Americans with Disabilities Act (ADA)
Providing effective audio description is a technical skill that is being learned by professional audio describers in many cities. It began in towns where patrons with vision loss wanted to attend live theater; but now Describers are also working in museums and on guided tours. If you want to know who provides audio description in your area, contact your local ADA Center at 1-800-949-4232.
Yes, there are. Audio description is a relatively new service that people with vision loss are finding effective. However, many museums offer audio tours, and mistakenly think that this is the same as audio description. But it’s not. Audio tours provide a handheld receiver and the patron can input a code and hear a pre-recorded message about a particular display.
No. It might be an undue administrative or financial burden for a restaurant to print a new Braille menu every time they change an item or price.
However, it is not appropriate for a request for a Braille menu to be answered with simply “we don’t have any.” Restaurant staff should be trained on how to properly provide the information from the menu to guests so they can make their choices from the full menu.
The classic example which may or may not have really happened is for someone who is Deaf to ask that the lights in a planetarium be raised so that she could see her interpreter. Of course, this would fundamentally alter the experience for everyone, including the person who asked. However, even though the planetarium could - and probably did - deny this request, the planetarium still has obligations under the ADA. One possible solution would be to offer the patron a seat off on the far right or left and position the interpreter with a dim light right in front of her. Another would be to
The answer here is “yes, you can bring your own sign language interpreter.” You can bring someone with you as your companion or interpreter but you would have to buy two tickets.
BUT the requirement for effective communication does not require the theater to take any action that would cause a fundamental alteration in the goods or services being offered. Having someone sit in the seat in front of you so she could interpret would disturb the other patrons and would fundamentally alter the experience for them.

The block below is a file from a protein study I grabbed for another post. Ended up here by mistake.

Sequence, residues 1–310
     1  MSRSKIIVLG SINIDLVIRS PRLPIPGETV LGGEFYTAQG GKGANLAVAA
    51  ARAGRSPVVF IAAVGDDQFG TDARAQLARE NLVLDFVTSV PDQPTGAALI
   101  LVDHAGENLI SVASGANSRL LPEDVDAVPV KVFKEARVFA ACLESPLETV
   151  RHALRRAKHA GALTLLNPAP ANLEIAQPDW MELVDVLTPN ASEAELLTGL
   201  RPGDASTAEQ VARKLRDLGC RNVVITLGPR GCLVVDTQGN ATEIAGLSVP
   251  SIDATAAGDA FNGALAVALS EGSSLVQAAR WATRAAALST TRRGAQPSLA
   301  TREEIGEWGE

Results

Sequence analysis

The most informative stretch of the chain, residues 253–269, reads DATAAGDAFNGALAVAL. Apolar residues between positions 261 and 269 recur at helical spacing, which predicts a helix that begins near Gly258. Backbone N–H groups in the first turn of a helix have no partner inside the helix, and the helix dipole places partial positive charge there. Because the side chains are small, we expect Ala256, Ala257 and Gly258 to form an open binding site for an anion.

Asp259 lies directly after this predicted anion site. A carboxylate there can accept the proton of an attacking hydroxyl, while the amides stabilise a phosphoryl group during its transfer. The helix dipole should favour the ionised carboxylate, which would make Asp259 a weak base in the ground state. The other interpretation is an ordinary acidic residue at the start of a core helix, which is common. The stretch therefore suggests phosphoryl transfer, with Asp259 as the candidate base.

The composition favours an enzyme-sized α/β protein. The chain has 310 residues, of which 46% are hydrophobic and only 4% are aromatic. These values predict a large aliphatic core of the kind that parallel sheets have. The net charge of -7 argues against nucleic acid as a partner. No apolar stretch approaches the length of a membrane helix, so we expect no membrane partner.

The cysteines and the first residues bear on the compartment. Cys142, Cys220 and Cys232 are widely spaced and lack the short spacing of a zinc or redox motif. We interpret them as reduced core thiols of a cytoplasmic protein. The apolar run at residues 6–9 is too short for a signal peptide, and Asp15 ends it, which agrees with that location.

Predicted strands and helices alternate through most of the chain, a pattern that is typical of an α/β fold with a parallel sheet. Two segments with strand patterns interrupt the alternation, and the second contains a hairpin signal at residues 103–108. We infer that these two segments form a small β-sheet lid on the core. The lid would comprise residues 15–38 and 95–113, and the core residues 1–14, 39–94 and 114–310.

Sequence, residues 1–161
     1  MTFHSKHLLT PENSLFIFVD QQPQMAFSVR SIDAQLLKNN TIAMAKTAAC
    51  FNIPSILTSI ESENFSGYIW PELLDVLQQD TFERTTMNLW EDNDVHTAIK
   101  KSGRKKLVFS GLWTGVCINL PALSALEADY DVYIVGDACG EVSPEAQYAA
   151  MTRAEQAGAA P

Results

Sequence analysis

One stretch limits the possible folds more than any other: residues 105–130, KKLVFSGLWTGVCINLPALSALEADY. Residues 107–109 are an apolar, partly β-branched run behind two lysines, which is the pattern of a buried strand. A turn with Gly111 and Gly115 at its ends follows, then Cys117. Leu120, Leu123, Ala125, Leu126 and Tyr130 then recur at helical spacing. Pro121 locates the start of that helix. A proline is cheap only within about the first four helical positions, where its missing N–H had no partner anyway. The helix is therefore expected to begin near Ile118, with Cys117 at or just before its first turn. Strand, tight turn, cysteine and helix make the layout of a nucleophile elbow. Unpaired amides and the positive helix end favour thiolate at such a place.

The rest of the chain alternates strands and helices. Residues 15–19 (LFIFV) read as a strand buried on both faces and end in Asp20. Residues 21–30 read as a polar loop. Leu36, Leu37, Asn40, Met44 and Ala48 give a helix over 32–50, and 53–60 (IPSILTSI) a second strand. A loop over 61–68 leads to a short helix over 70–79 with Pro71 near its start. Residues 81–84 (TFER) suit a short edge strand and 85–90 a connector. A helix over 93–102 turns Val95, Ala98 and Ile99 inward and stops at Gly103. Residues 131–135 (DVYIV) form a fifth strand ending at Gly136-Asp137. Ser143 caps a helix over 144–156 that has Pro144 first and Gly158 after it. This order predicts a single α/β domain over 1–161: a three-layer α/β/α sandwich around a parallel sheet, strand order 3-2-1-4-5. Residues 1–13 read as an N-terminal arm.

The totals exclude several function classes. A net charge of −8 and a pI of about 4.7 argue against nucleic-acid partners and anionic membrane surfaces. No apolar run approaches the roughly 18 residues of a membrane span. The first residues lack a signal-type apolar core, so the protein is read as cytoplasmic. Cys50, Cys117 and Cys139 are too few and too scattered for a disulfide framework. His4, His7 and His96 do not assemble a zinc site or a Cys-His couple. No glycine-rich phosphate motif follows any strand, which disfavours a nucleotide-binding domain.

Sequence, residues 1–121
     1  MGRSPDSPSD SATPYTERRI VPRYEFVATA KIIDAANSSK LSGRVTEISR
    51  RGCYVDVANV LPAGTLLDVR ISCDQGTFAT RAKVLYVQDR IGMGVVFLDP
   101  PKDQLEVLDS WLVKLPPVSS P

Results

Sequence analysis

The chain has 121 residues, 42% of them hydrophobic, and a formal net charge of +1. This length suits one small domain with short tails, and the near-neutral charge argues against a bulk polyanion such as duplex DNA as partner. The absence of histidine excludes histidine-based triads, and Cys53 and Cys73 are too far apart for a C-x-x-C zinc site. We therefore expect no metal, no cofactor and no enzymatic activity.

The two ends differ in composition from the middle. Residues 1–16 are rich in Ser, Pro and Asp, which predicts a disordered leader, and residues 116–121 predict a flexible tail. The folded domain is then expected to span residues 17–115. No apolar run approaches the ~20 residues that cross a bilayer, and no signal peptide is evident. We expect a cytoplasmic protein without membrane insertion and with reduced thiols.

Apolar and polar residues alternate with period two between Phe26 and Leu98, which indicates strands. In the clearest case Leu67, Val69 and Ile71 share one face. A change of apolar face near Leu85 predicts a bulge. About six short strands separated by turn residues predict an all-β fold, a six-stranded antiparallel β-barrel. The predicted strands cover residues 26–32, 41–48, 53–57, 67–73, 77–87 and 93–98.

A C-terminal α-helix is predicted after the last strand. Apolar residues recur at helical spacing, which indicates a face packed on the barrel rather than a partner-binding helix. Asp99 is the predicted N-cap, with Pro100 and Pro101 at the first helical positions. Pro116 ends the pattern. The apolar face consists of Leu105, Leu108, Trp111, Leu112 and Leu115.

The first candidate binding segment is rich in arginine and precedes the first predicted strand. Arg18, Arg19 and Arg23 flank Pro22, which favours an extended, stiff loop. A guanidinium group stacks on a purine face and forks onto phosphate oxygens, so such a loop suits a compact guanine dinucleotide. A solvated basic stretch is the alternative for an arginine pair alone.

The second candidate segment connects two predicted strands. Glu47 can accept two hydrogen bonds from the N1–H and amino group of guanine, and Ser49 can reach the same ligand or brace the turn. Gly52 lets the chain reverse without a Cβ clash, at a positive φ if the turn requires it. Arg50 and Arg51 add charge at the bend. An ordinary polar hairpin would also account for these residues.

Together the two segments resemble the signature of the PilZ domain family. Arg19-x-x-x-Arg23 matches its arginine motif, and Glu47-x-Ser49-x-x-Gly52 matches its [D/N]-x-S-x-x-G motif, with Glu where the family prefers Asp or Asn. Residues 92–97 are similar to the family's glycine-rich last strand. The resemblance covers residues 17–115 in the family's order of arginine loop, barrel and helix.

The requirement to provide effective communication includes the obligation to provide effective communication to companions who are Deaf. So the hospital is required to find a way to communicate with someone who has a communication disability “as effectively” as they would communicate with that person if he/she did not have the disability.
For example, suppose a school system employs an interpreter to work with a Deaf child in a classroom. Now suppose that she is asked by her Principal to interpret for a Deaf parent during an appointment where the parent is very upset about an issue. Imagine that the parent proceeds to cuss out the Principal. How difficult that scenario might be for the interpreter. She doesn’t want to jeopardize her job by saying all those things to the Principal. But if she doesn’t – if she “sugar coats it” – that is unfair to both sides.
State and local governments must give primary consideration to what the person with a disability requests. So if this same person who is Deaf plans to attend a City Council meeting and requests an interpreter, the city must provide it unless doing that would somehow be impossible - maybe because the request was just made the morning of the meeting and no interpreter could be found on such short notice. However, the city must make a good faith effort to secure the services of an interpreter.
The ADA regulations also say that a public entity or private business shall not rely on an accompanying adult except: "where the individual with a disability specifically requests that the accompanying adult interpret or facilitate communication, the accompanying adult agrees…and reliance on that adult is appropriate under the circumstances."